I am pleased that the University of Waterloo is committed to building long-term relationships with Indigenous Peoples based on respect and reciprocity.  We are delighted to share the University of Waterloo Indigenous Strategic Plan 2023-2028, which guides the University towards its goal of indigenizing and decolonizing the institution. The plan outlines a clear path for the University to implement the Truth and Reconciliation Commission’s Calls to Action, as well as the United Nations Declaration on the Rights of Indigenous Peoples.

This June, we also have an exciting range of events planned in honour of National Indigenous History Month, which you can learn more about below. It is our hope this month and every month that we move beyond words and take meaningful and direct actions on this shared journey towards reconciliation and decolonization.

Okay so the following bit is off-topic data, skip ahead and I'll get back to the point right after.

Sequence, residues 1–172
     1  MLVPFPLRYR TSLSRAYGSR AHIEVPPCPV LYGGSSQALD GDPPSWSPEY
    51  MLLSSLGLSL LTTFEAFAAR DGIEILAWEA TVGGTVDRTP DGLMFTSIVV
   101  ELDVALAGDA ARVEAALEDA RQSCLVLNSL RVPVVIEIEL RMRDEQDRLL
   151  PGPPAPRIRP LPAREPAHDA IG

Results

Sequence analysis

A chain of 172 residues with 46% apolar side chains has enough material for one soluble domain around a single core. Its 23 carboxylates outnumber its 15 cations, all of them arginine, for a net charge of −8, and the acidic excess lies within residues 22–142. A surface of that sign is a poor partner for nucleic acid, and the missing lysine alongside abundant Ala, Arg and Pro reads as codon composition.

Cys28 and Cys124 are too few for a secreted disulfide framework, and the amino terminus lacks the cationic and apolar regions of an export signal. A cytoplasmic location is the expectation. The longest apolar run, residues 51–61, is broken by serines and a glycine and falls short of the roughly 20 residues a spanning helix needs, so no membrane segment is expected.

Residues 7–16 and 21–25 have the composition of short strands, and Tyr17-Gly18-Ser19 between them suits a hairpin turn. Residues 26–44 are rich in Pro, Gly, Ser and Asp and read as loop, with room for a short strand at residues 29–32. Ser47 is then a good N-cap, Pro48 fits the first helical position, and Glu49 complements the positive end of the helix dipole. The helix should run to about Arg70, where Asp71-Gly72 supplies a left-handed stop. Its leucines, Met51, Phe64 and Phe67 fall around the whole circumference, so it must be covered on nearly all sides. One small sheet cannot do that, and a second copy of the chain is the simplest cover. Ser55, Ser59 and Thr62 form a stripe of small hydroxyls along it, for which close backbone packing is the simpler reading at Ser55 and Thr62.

Visit this webpage to learn more.

Accessibility in teaching

Lecturer Diana Skrzydlo with several students at a desk.

By Dr. Christine Zaza, Disability Inclusion Office. This article is presented as part of a series highlighting National AccessAbility Week in Canada.

Diana Skrzydlo"Good teaching should be inclusive,” says Faculty of Mathematics teaching fellow and continuing lecturer Diana Skrzydlo.

Recipient of a 2023 University of Waterloo Distinguished Teaching Award, Skrzydlo uses universal design for learning (UDL) to make her courses more inclusive.  

Skrzydlo first heard about UDL at the 2019 University of Waterloo Teaching and Learning Conference, which explored teaching and designing for diverse learners. That conference was transformative for Skrzydlo and challenged her to reflect on the question What do we, as instructors, ask our students to do?  

“There isn’t just one way to demonstrate knowledge.” Skrzydlo explains. 

For example, Skrzydlo provides a variety of options for earning participation grades so that students who aren’t comfortable speaking up in class can still demonstrate their engagement with the course.  

Similarly, she offers student groups the option of delivering an in-person presentation or submitting a pre-recorded presentation.